Association said reports suggested that low-sulphur diesel is a greater risk to human health, but academics say all marine fuels need to be filtered.
Claims by a maritime association promoting the use of scrubbers that an investigation into the health effects of ship engine emissions prove that heavy fuel oil (HFO) is safer than lowsulphur diesel are not the full story.
Instead, the report advises that all exhaust gas should be filtered. Responding to Singapore’s ban on open-loop scrubber discharging last December, the Exhaust Gas Cleaning Systems Association (EGCSA) claimed: “A study by the University of Rostock… identifies the exhaust emissions from low-sulphur diesel fuels as posing a greater risk to human health than marine exhaust gas scrubbers.” The association cited a study entitled Health Effects of Shipping Emissions by the JointMass Spectrometry Centre, a collaboration between Rostock University and Helmholtz Zentrum Munchen (the German Research Center for Environmental Health).
The EGCSA said the report states that “low-sulphur fuel oils using 0.10% [sulphur] distillate… have been shown to have a significantly higher toxic impact than heavy-sulphur fuel oils”.
But the two reports in 2015 and 2016 by Rostock University and Helmholtz Zentrum Munchen do not quite say there is a significantly higher risk from low-sulphur fuels. They say both have harmful effects and human health would be best served by all emissions being filtered to remove particulate matter.
In a first report arguing that ship emissions adversely affect the health of inhabitants of coastal regions, the academics state: “HFO had more organics and less but stronger toxic effects, [diesel] had more different effects.” The report adds that removing sulphur is not enough to eliminate adverse health effects.
In a second report, they say: “We then found that the emitted particles both from the HFO and from the diesel exhaust had similarly high toxic effects on the macro phages.
Surprisingly, the toxic effects leading to cell death are even slightly lower in the HFO emissions, although the concentrations of known toxic pollutants in the heavy oil emissions are much higher.”
Human health would be best served by all emissions being filtered to remove particulate matter. Value Maritime agrees that removing sulphur is not enough to eliminate adverse health effects.Ralf Zimmermann led the German studies
Macrophages are a type of white blood cell of the immune system that engulf and digest cellular debris and other foreign substances. They are considered a first level of defence against disease.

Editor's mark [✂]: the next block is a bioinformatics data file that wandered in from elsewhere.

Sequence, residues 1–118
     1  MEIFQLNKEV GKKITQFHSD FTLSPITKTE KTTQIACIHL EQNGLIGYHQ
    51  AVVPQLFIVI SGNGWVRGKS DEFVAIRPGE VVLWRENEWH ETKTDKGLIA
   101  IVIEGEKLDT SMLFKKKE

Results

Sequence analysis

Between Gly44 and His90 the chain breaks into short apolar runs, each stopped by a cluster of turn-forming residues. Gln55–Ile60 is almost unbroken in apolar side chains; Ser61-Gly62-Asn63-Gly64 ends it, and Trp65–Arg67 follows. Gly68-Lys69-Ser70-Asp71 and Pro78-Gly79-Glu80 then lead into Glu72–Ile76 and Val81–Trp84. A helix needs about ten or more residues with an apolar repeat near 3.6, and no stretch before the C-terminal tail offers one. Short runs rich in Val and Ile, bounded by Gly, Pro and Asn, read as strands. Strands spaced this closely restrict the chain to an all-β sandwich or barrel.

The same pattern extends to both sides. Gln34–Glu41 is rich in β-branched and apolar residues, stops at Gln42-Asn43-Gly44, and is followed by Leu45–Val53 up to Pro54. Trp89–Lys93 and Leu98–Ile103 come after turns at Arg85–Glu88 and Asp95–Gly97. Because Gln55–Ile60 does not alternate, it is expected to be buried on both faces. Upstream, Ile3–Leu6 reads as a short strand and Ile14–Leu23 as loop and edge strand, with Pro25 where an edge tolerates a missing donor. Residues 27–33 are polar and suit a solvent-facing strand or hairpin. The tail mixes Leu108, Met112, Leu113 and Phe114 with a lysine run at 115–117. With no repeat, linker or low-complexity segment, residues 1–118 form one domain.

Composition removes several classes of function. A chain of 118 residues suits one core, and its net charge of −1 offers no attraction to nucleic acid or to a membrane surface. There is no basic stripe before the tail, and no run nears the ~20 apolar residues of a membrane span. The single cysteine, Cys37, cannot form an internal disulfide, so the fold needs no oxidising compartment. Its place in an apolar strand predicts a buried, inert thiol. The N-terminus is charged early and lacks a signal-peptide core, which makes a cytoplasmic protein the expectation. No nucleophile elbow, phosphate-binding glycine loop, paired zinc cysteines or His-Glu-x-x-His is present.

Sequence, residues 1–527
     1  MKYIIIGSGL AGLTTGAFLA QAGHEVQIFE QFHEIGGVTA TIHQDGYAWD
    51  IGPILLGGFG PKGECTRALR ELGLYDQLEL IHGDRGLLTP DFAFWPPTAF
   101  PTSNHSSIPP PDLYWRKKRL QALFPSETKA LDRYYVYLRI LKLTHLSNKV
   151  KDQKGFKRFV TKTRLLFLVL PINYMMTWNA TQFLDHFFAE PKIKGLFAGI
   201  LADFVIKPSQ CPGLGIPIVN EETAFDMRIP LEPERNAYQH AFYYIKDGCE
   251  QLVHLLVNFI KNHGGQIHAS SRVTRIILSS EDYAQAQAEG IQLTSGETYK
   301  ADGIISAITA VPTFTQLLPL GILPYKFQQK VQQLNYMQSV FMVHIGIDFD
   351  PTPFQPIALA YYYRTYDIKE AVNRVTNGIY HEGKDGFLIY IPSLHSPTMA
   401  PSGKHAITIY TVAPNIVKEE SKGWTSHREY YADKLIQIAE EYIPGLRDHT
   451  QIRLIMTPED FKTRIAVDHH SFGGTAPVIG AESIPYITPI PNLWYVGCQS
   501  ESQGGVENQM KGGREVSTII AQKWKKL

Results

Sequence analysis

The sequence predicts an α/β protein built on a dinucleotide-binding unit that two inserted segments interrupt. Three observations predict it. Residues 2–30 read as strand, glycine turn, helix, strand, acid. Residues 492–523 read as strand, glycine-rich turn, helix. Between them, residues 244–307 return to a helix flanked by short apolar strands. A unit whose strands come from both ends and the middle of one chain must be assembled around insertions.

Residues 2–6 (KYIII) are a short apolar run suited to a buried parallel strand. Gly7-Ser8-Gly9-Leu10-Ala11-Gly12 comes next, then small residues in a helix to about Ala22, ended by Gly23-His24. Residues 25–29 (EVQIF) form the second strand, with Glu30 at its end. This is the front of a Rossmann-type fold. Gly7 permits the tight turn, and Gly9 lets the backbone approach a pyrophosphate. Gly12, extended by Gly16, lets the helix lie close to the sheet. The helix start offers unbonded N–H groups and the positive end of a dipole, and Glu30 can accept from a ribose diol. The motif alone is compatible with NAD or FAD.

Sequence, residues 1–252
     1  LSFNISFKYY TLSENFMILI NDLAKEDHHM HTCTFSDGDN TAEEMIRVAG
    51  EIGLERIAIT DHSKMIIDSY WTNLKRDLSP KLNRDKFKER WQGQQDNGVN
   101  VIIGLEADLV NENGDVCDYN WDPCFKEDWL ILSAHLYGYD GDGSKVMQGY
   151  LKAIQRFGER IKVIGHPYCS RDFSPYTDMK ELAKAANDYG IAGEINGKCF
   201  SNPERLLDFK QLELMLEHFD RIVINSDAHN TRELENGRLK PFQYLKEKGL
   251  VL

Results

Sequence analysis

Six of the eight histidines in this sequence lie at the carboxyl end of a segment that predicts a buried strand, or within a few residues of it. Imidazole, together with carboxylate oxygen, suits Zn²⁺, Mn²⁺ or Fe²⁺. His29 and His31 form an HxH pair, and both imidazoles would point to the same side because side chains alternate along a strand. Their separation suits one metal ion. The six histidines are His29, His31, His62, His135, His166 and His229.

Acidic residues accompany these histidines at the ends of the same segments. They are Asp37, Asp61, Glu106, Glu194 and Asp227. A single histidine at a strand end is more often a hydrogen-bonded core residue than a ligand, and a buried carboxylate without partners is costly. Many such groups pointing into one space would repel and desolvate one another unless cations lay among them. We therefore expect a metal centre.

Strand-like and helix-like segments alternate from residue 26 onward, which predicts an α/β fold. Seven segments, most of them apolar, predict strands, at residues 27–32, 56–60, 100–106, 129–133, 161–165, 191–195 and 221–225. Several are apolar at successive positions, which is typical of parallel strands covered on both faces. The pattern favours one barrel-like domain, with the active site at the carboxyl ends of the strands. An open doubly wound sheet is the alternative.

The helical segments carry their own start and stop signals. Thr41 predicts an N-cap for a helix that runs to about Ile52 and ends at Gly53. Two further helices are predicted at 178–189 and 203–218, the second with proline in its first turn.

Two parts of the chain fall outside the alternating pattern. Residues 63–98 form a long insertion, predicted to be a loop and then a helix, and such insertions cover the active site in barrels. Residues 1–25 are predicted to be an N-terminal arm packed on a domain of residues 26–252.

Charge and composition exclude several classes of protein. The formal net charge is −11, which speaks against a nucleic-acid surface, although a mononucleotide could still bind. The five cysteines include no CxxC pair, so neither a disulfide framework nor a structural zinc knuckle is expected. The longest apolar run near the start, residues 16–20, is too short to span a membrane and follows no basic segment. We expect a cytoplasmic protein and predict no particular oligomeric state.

The report’s authors say that banning HFO “is therefore probably less beneficial than expected for protecting the health of people in coastal areas”. Gas scrubbers and particle filters “would precipitate the harmful fine particles from the emissions and thus reduce the adverse health effects, irrespective of the fuel used”, they add.
EGCSA representative Don Gregory told TradeWinds this week that Professor Ralf Zimmermann, who led the study, holds the view that the IMO has taken the wrong approach and should have targeted the toxicity of marine fuel emissions, rather than sulphur.
Detailed analysis of HFO emissions showed they contained high concentrations of toxic compounds such as metals and polycyclic aromatic hydrocarbon, and were higher in particle mass. These compounds were lower in diesel emissions, which in turn had higher concentrations of elemental carbon, or diesel soot, a known carcinogen.
The report suggests that the higher soot content in diesel fuel “influenced several essential pathways of lung cell metabolism more strongly than particles from the unrefined fuel HFO” and that the health effects should be further investigated.
“For the use of HFO and diesel fuel, we recommend a reduction of carbonaceous soot in the ship emissions by implementation of filtration devices,” the report adds. Gregory agrees that the assessment of the health problems is at an early stage, but believes scrubbers are a first step in dealing with the issues.
“If the IMO has the desire to reduce the amount of toxic emissions from diesel engines, then there will be a need to set targets and dates to meet them,” he added.
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Source : Tradewinds – January 17th, 2019 Paul Berrill